Paul Manafort's Former Son-In-Law Is Cooperating With Federal Prosecutors As Part Of A Plea Deal

A lawyer for Jeffrey Yohai tells BuzzFeed News that Yohai has reached a plea agreement.

Paul Manafort's former son-in-law, Jeffrey Yohai, has reached a plea agreement with federal prosecutors, a lawyer for Yohai tells BuzzFeed News.

"I can only confirm that he has reached a plea agreement," attorney James Hinds said Thursday.

Reuters first reported the agreement, citing unnamed sources. It was not immediately clear what charges are involved in the plea agreement, as it currently is sealed.

A source familiar with the plea agreement said that, under the deal, Yohai has agreed to ongoing cooperation with federal and state prosecutors. Yohai, the source said, already has spoken with officials from the Special Counsel's Office and the New York Attorney General's Office, in addition to the US Attorney's Office in Los Angeles.

A law enforcement source familiar with the New York investigation confirmed to BuzzFeed News that officials with the New York Attorney General's Office have met with Yohai in recent months as part of its investigation into Yohai's financial dealings.

Yohai's real estate business with Manafort, which resulted in multiple bankruptcy filings in late 2016, had caught the attention of federal prosecutors in Los Angeles. Yohai's plea agreement is with that office, the US Attorney's Office for the Central District of California.

BuzzFeed News previously reported that a bank in California forcibly closed two accounts linked to Yohai and Manafort's business dealings due to a series of transactions the bank deemed to be suspicious.

A few days before the 2016 election, the bank — Banc of California — filed a suspicious activity report, or SAR, with the Treasury Department’s Financial Crimes Enforcement Network (FinCEN) detailing the transactions and closing of the accounts. By law, banks must file suspicious activity reports when they spot transactions that bear hallmarks of money laundering or other financial misconduct. Such reports can support investigations and intelligence gathering, but are not on their own evidence of a crime.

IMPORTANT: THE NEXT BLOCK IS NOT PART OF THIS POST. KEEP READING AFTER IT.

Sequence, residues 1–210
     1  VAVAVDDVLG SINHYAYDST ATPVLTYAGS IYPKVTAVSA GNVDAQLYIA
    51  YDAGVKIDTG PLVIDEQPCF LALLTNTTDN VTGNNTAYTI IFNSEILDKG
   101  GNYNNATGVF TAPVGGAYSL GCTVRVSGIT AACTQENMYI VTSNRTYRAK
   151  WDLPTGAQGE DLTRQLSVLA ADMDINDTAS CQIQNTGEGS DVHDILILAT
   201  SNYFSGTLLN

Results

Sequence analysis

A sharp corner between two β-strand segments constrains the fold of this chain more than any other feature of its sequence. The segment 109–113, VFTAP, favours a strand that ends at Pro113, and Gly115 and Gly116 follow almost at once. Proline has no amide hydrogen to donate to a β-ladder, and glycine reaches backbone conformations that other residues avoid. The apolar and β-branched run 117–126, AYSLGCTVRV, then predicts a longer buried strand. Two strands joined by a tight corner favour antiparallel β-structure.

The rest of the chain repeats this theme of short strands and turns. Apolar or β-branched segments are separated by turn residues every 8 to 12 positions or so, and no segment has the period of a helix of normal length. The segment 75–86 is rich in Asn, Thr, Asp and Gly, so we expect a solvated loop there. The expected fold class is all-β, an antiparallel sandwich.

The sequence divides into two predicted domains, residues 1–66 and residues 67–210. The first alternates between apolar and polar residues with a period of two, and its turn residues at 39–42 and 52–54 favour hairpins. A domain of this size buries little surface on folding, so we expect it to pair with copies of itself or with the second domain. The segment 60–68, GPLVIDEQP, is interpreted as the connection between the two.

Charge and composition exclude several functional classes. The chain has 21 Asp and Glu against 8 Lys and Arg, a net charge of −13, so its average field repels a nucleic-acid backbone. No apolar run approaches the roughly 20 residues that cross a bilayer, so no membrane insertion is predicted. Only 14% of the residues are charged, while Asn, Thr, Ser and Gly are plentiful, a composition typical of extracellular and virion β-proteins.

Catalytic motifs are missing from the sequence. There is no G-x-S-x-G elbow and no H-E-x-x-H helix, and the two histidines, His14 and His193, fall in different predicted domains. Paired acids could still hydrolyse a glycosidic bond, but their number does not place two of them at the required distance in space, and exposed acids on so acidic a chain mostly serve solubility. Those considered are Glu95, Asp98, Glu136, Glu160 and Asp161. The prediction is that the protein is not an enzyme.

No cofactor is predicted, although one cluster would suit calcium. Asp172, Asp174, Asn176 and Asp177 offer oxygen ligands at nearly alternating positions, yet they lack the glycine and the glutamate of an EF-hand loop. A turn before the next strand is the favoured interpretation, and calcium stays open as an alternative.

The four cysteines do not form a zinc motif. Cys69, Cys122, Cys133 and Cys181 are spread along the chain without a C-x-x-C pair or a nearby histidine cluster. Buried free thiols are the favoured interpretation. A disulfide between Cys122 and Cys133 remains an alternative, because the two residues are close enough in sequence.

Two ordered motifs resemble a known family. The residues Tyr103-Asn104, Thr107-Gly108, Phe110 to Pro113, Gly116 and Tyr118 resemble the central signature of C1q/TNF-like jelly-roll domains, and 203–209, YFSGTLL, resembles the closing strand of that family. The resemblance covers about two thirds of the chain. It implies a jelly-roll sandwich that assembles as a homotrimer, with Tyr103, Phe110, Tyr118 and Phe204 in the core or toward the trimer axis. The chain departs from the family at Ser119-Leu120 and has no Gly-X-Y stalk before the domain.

Manafort faces federal charges currently in federal court in DC and Virginia unrelated to the pair's real estate business. Those charges were brought by Special Counsel Robert Mueller's office and relate to work Manafort and his associate, Rick Gates, did for pro-Russia political figures and parties in Ukraine. Gates took a plea deal earlier this year and is cooperating with Mueller's office.

Manafort has pleaded not guilty and, in addition, is challenging the authority of Mueller's office even to pursue the charges against him. The judge hearing his case in DC denied a request to dismiss the charges on those grounds, but the request remains pending in the Virginia case.

A spokesperson for Manafort did not immediately respond to a request for comment.

The Special Counsel's Office declined to comment, the New York Attorney General's Office did not provide comment, and the US Attorney's Office for the Central District of California did not immediately respond to a request for comment.

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